The site’s title, “who speaks and acts,” comes from Gilles Deleuze. In the widely published 1972 conversation between Gilles Deleuze and Michel Foucault, the two theorists discuss the relationship between theory and practice vis-à-vis the distribution of power and changing role of intellectuals in society . Deleuze applauds Foucault for his work with the Group for Information on Prisons that provided space to prisoners from which to speak and act. He gives credit to Foucault for drawing (intellectual) attention to the “indignity of speaking for others … to appreciate the theoretical fact that only those directly concerned can speak in a practical way on their own behalf” .
This online record reflects on the question of “who speaks and acts?” from within and beyond the limits of this referenced conversation. It is an attempt to document and explore the form and meaning of shared voice in the context of architecture and digital public humanities work. As a queer feminist, it is also my way of asking how we might teach, learn, and talk about public scholarship, community engagement, and digital pedagogy in such unequal contexts of race, class, gender, ability, and geographical difference.
Kush Patel (he/they)
Ph.D., Architecture, University of Michigan, Ann Arbor
M.Sc., Architecture, University of Michigan, Ann Arbor
M.Arch., Urban Design, CEPT University, Ahmedabad
B.Arch., South Gujarat University, Surat
I am currently on sabbatical, working on a few collaborative research, writing, and pedagogy projects in architecture and the digital humanities, whilst also caring for the family. Most recently, I held academic appointments as Associate Faculty Librarian of Digital Pedagogy and as LSA Adjunct Lecturer in Interdisciplinary Studies at the University of Michigan. Within U-M Library’s Learning and Teaching unit, I worked with members of the Connected Scholarship team to develop and support course- and research-based initiatives for students, faculty, and wider community partners that enrich the projects of voice, care, and participation. Specifically, I partnered with colleagues on and beyond campus to address the challenges and potentials of community-engaged learning and public humanities work in the digital age around such methods as digital storytelling and community archiving. As Adjunct Lecturer in the College of Literature, Science, and the Arts (LSA), I taught undergraduate courses on place, politics, and engaged citizenship, focusing on ways in which the digital and community-based practices of art, architecture, and the humanities might help us describe and envision what it means to be a citizen today.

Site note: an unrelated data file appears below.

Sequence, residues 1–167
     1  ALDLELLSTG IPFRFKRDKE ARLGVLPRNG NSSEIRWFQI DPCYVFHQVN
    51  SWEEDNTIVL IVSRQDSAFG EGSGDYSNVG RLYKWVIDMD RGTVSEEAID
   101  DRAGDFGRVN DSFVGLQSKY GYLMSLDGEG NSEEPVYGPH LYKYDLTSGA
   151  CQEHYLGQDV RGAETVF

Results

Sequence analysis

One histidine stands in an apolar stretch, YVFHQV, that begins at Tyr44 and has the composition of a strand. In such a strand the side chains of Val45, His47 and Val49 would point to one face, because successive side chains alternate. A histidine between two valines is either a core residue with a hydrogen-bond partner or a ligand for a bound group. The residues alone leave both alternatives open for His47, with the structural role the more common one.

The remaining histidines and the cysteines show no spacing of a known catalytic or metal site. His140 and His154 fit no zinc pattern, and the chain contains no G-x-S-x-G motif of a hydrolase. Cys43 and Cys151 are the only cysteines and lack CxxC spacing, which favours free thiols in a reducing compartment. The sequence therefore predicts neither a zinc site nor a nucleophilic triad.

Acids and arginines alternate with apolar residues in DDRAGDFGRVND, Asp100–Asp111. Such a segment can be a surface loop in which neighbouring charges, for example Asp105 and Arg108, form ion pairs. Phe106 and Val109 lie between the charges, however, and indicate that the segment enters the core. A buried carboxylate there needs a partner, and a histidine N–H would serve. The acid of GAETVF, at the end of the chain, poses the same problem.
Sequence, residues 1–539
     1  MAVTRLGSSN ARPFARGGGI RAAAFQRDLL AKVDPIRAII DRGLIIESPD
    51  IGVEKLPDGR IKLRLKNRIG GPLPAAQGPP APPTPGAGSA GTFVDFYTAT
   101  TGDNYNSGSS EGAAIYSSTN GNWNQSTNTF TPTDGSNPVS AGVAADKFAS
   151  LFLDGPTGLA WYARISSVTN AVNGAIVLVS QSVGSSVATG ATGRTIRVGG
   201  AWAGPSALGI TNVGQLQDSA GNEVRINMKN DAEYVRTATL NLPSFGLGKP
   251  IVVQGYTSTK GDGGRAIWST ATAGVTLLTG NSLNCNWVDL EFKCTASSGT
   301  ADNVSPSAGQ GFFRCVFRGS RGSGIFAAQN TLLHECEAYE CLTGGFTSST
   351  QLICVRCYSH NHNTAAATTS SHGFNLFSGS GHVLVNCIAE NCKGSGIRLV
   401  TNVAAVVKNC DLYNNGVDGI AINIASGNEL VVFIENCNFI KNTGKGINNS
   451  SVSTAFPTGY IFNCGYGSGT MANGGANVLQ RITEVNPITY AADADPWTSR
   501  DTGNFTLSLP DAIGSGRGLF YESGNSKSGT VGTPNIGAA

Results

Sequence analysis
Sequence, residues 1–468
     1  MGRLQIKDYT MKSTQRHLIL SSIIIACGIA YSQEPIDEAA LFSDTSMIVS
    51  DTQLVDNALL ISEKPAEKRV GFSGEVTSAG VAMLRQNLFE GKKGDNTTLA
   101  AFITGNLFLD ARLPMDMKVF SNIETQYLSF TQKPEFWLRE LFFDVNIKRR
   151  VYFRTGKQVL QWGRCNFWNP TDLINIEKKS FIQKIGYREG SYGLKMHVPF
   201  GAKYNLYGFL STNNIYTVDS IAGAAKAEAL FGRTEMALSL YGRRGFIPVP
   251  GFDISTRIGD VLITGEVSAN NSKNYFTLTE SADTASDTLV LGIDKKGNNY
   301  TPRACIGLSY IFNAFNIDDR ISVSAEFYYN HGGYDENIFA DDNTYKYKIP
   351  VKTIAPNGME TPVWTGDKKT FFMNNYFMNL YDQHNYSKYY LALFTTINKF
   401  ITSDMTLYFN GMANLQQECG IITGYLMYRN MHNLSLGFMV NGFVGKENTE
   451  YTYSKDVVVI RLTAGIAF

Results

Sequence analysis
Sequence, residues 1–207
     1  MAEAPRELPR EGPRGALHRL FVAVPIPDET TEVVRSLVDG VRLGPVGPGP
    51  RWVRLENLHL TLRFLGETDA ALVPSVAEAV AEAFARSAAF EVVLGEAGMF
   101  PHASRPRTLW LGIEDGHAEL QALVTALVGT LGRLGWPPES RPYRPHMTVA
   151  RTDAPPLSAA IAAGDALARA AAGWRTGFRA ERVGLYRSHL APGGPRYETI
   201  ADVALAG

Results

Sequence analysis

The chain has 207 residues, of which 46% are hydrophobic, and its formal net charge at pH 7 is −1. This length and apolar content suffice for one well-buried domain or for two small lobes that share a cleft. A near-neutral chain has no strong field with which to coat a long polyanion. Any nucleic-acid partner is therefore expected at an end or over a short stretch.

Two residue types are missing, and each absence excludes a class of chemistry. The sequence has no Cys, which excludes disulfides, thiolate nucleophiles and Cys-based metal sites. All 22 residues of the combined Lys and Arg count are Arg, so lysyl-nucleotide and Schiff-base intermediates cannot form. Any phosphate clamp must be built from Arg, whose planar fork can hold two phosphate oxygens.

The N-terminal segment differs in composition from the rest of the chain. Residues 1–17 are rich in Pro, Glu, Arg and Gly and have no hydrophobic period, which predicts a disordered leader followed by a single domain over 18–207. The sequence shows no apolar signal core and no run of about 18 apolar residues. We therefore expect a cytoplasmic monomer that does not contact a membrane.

I completed my Ph.D. in Architecture from the Taubman College at the University of Michigan, where I researched issues of participatory politics, narrative building, and social production of space in the radical French architectural works of the “post-68” period. Prior to joining the University of Michigan Library, I was a Postdoctoral Fellow at the Institute for the Humanities and the Michigan Humanities Collaboratory, a graduate student Public Humanities Fellow with Rackham’s Arts of Citizenship program, an Engaged Pedagogy Initiative Fellow with LSA’s Office of Community-Engaged Academic Learning, a Mellon Public Humanities Summer Fellow at the U-M Detroit Center, and a Project Assistant in the Art and Architecture Special Collections.
In each of these hybrid roles, I extended my education in architecture and the humanities to develop academic initiatives along dialogic and participatory lines, as well support the capacity-building of graduate and undergraduate students in research, critique, and pedagogy. Nationally, I remain active in the communities of Imagining America (IA), and currently serve as co-director at-large of IA’s Publicly Active Graduate Education (PAGE) Fellows Program, member of the IA Task Force, and co-convener of the IA Hybrid-Hyphenated Group and “Organizing Against Violence” pedagogy project.
A full CV is available upon request via the contact page on this website.
 “Intellectuals and power: A conversation between Michel Foucault and Gilles Deleuze” in Michel Foucault, Language, Counter-Memory, Practice: Selected Essays and Interviews (Ithaca, N.Y.: Cornell University Press, 1980), 205-217.
 Ibid, 209.